"It’s good to hear people’s stories about what our services mean to them"
Debbie Mairs has worked for Versus Arthritis for 13 years.
Her role as nations administrator in Northern Ireland involves making sure our processes and procedures meet the needs of the Service Admin teams. She’s also involved in community fundraising and looking after the social media and content for Northern Ireland.
Here she tells us more about the services in Northern Ireland and why our volunteers make all the difference.
How many active volunteers do we have in Northern Ireland?
Currently we have about 120-150 active volunteers. They get 2-4 days training when they are first recruited and then more annual training during their time working with us.
It’s been great to hear their feedback about Versus Arthritis, they're behind what we stand for and feel part of a movement.
From the volunteers in our branches to the helpline, everyone wants to spread the word. There are people here to help on those bad days. If you live with arthritis, you are not alone.
Tell us more about the different services available?
Our information hubs are often the first point of contact the public have with us. They're a gateway to refer individuals into our wonderful branch group and self-management services.
Here's a taster of feedback from people who’ve used the service.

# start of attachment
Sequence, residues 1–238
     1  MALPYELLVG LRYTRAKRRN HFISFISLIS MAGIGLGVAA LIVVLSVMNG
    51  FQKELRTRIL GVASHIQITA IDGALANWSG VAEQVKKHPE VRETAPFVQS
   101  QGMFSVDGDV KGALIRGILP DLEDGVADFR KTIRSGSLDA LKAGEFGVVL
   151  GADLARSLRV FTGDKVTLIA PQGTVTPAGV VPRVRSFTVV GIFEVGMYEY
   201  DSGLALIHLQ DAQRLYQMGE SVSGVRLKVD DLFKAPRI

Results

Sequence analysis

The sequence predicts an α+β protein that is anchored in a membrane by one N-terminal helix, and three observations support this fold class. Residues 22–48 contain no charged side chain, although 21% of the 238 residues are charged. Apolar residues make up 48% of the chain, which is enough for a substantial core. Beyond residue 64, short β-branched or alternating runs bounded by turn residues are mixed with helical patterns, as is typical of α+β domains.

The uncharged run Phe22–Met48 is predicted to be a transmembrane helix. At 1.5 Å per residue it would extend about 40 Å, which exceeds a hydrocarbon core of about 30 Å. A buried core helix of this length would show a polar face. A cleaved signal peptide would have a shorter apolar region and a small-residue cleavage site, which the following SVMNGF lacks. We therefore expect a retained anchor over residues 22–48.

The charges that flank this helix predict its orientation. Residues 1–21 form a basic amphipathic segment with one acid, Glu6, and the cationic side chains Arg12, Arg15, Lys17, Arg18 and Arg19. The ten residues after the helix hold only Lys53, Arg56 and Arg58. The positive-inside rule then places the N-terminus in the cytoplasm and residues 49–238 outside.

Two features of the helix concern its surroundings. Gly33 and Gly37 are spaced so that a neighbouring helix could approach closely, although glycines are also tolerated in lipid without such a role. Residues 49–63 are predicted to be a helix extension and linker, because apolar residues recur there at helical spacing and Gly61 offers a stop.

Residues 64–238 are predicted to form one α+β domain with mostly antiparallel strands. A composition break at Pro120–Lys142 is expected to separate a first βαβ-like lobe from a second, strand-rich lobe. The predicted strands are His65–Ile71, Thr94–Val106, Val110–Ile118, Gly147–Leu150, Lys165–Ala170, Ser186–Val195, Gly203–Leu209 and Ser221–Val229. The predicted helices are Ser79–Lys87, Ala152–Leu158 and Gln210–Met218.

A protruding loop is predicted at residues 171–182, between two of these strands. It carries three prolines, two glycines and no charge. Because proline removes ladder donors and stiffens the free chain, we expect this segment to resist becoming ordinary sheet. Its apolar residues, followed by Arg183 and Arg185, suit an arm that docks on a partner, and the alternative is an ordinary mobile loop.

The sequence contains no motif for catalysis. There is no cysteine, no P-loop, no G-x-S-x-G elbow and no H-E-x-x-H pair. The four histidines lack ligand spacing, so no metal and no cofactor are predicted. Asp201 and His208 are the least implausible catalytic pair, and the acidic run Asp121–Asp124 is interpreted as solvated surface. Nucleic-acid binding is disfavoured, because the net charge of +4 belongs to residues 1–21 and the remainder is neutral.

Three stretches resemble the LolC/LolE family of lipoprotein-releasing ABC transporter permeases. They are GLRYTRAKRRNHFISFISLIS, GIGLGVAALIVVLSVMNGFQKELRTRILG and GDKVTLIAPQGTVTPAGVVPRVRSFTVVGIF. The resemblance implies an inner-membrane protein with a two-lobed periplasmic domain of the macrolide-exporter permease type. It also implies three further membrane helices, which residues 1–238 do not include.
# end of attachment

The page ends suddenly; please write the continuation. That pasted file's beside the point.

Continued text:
'Mark' had never come into contact with us prior to his meeting with the volunteers at the Hub. He admitted he never would've gone had it not been for the time the volunteer had taken in understanding how well he was managing his pain (or not as the case was).
He came back to see us at the Information Hub to thank us for listening and making the referral as participating in the course was “the best thing I’ve ever done”. He was so impressed by the range of services and was so grateful to the volunteer for helping him reach out in the first place.
Our hubs are located at various places from health centres to outpatient clinics. Their purpose is to tell the public what support we can offer and we signpost them to the most appropriate for their needs.
We offer a peer support self-management courses (6 sessions, ½ a day a week). These are designed to complement what people may get from the health service.
The sessions are focussed on what you can do to help yourself in everyday life from learning about diet, exercise, mental health and goal setting. These can be anything from talking about how you feel, starting a hobby or learning how to ask for help.
The sessions are delivered by two volunteer trainers who live with long term pain or have an MSK health condition. The aim is to give people the tools to enrich their quality of life.
Find out more and register for a place.
Staying Connected in Later Life service
Our Staying Connected in Later Life is a befriending service for the over 60s.
When people live with a chronic condition like arthritis, they can feel isolated and lonely. Also, they may be unable or not comfortable with coming to a course in a group setting.
With this service a volunteer will visit you in your own home for an hour over an 8-week period. The aim is to help empower people and show them that small changes can make all the difference.